Yet honest inquiry can also lead to many questions about it. Assuming Moroni was real, what did he mean by “these things?” As you point out, what did he mean by “true?” Was he dictating the literal words of God as he heard them physically? Was he conveying his best understanding of an impression that he felt? Was all of this impression from God, or was it intermixed with any emotion or reason? Are we certain that there is a perfect correlation between the ancient language Moroni used and English? If there is, are we certain Joseph translated it 100% accurately? Did Joseph literally see the words he was supposed to translate, or did he use a “loose” translation of feelings and impressions he was having? If modern day prophets are fallible about doctrinal things (and I’ve argued they are above – see 1949 First Presidency statement on blacks and the priesthood), couldn’t Moroni or Joseph have slightly erred on what God will do for us? Or perhaps they deliberately simplified a truth that is in fact much more complex? Then there’s always the possibility that God transmitted His message to Joseph through the Book of Mormon, even though Moroni may not have been real…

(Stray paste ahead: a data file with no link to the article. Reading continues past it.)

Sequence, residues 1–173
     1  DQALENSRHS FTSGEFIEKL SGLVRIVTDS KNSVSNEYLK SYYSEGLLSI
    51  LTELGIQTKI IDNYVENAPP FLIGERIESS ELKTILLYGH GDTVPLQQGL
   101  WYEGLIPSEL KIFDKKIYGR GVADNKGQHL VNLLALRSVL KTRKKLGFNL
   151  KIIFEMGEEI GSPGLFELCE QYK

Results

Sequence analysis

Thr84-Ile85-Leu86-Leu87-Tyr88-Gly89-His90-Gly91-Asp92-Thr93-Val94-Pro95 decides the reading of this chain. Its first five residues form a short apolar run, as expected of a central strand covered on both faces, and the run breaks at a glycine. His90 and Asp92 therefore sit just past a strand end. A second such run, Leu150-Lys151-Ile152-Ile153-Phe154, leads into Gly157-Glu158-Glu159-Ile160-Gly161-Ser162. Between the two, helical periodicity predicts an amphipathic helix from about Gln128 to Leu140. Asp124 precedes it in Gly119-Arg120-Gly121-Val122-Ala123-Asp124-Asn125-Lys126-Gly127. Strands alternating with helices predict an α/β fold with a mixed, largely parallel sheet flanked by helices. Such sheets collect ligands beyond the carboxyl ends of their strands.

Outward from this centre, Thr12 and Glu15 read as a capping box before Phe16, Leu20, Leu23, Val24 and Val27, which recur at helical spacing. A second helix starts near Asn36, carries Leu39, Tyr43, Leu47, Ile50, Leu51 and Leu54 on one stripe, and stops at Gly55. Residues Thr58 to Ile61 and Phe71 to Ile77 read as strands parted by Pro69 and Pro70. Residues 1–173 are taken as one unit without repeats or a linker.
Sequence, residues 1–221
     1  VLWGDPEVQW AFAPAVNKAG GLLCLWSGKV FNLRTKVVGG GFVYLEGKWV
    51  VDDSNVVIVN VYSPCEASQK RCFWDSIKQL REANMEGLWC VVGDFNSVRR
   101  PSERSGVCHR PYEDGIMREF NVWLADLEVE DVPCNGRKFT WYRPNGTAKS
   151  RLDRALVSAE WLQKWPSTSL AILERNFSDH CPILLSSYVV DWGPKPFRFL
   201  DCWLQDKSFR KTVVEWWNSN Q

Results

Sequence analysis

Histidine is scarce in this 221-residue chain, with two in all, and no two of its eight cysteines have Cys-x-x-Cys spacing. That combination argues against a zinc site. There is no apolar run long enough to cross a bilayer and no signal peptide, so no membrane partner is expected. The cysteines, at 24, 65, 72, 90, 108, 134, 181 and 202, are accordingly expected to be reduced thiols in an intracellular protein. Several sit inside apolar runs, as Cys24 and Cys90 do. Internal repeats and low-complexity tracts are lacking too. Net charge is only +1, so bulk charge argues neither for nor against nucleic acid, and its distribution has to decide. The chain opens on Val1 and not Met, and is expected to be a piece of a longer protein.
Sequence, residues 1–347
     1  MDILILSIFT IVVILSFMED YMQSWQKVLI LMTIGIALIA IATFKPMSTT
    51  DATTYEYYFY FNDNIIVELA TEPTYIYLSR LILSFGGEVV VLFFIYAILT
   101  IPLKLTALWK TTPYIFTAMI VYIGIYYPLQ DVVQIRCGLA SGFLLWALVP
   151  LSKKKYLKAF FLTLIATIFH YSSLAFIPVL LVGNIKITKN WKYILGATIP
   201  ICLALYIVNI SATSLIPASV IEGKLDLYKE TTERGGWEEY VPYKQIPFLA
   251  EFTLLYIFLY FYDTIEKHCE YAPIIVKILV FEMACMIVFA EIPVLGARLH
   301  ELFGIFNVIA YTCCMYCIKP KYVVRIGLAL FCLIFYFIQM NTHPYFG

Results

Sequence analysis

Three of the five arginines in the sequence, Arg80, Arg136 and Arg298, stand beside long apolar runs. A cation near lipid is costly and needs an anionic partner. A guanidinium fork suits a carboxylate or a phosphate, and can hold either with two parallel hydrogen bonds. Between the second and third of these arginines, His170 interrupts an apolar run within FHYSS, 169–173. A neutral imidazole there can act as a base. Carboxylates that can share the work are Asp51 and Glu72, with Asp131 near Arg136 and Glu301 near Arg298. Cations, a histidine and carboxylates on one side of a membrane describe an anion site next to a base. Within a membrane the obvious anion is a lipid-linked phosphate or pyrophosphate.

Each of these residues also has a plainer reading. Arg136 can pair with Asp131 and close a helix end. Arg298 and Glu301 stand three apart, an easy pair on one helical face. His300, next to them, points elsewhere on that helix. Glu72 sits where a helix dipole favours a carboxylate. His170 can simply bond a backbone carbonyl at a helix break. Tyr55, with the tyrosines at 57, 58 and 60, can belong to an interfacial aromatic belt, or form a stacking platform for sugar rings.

Empirically, I have taught people who followed Moroni’s promise, who were sincere wonderful people, and who didn’t receive a response. Were they insufficiently “sincere?” Or perhaps lacking “real intent?” (They sure seemed to have those qualities in my humble opinion, but I guess opinions can differ in a non-binary world). Perhaps God had other plans for them; perhaps our understanding of what Moroni was trying to convey is overly simplified; perhaps Moroni’s understanding of God’s will was oversimplified; perhaps Joseph’s understanding/translation of Moroni was oversimplified. Perhaps, perhaps, perhaps…I believe, however, that my investigator was not the only person in 180 years to provide a counter-example to Moroni’s promise.